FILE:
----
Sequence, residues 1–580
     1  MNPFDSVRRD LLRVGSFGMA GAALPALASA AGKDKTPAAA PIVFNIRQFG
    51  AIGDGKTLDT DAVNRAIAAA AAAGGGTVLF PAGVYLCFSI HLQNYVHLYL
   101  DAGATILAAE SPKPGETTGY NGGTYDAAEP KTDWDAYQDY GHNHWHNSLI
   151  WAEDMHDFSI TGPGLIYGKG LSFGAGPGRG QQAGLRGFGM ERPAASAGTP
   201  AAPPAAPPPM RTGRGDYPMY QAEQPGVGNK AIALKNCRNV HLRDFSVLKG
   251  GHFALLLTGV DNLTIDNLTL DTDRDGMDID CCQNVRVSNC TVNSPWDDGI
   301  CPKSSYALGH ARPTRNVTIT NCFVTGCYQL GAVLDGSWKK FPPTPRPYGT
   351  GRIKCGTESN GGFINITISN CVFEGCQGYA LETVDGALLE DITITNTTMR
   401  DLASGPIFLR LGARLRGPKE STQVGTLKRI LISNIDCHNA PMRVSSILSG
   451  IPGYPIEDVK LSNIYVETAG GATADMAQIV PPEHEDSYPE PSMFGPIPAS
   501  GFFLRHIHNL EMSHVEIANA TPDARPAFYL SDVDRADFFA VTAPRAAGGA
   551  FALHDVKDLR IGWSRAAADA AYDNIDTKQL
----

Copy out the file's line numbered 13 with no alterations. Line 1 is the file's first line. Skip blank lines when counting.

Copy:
   551  FALHDVKDLR IGWSRAAADA AYDNIDTKQL